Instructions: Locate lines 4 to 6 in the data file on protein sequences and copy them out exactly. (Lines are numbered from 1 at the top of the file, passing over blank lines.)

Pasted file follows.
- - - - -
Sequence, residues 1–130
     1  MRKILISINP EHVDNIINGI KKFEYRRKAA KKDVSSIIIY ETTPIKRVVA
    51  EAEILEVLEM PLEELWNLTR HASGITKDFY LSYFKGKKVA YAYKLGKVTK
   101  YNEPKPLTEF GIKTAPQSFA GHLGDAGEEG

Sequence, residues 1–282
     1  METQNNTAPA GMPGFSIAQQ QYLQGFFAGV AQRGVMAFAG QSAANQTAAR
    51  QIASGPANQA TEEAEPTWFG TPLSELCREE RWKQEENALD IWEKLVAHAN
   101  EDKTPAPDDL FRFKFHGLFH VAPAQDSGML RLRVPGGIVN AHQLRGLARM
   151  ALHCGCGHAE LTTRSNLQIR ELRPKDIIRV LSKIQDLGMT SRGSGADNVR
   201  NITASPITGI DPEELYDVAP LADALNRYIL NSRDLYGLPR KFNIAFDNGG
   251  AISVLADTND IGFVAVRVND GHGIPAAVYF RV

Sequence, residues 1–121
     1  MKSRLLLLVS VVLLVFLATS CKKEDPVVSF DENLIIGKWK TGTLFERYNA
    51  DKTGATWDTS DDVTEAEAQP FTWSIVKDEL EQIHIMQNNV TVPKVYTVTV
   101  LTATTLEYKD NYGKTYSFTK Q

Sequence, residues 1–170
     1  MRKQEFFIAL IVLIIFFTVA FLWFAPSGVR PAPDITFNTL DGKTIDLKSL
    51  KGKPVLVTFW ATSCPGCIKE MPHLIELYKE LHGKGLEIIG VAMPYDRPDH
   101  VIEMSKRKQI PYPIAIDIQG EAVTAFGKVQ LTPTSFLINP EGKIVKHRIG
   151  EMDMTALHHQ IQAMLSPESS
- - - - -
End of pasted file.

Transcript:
   101  YNEPKPLTEF GIKTAPQSFA GHLGDAGEEG

Sequence, residues 1–282
     1  METQNNTAPA GMPGFSIAQQ QYLQGFFAGV AQRGVMAFAG QSAANQTAAR